But it was a super impactful project because it’s a volunteer-based program. The students wouldn’t have had any teachers if we weren’t there and they wanted to learn so badly.

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What about your experience with sea turtle conservation?
The most surprising thing to me about this project was probably the people that worked at the refuge. It wasn’t just their job. These people worked because they cared so much. It was amazing to see the passion at this project.

Not only did we feel like we were making a difference for the turtles but we felt like we were relieving some of the full time workers from all their duties so that they could have a little more down time and we could do what we were there to do.

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And you also said healthcare was really impactful. Why?
We were assigned to work at a nursing home. There were only 2 nurses assigned to 24 residents so we felt like no matter what we were doing, they really needed the extra hands on board.

What are some striking differences you noticed about healthcare in Costa Rica v. healthcare back home?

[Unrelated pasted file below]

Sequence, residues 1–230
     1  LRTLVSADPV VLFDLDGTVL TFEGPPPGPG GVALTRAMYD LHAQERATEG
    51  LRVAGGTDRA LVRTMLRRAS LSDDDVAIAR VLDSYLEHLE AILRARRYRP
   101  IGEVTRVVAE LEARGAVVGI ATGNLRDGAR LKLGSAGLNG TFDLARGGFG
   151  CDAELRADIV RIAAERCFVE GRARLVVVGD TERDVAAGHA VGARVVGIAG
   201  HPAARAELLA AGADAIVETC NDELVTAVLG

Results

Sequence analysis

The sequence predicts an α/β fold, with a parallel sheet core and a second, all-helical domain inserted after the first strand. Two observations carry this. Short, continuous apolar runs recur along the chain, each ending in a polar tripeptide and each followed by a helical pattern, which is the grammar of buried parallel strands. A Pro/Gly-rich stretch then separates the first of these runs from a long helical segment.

In terms of nursing homes, the one in Costa Rica felt a lot less personal. It was a clean, brand new facility and the nurses did a great job, but it wasn’t like the cozy ones you see in the U.S. Things like air conditioning and heating were not available which was weird to me seeing as old people can’t regulate heat as well. I think we were lucky to see a very good side of healthcare in Costa Rica and still able to make an impact.

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Did you experience any difficulties while volunteering?
I’ve experienced stress in volunteer situations both in Colorado and abroad. I think sometimes it is uncomfortable to put yourself in a situation with people you don’t know. The initial introduction can be hard for me. I wouldn’t say I felt stressed but I would say it’s more of an awkwardness. Something I struggle with internally is creating an equal connection and not a relationship that says “I am more privileged than you, therefore I am better and I can help you”. I think it’s an internal struggle for me sometimes that I don’t want to come off “superior” to those I am helping. I think the best way to handle it is to push through because there is always a barrier that you can break where it becomes more comfortable. And I think that comes with time and not giving up.

On Living Abroad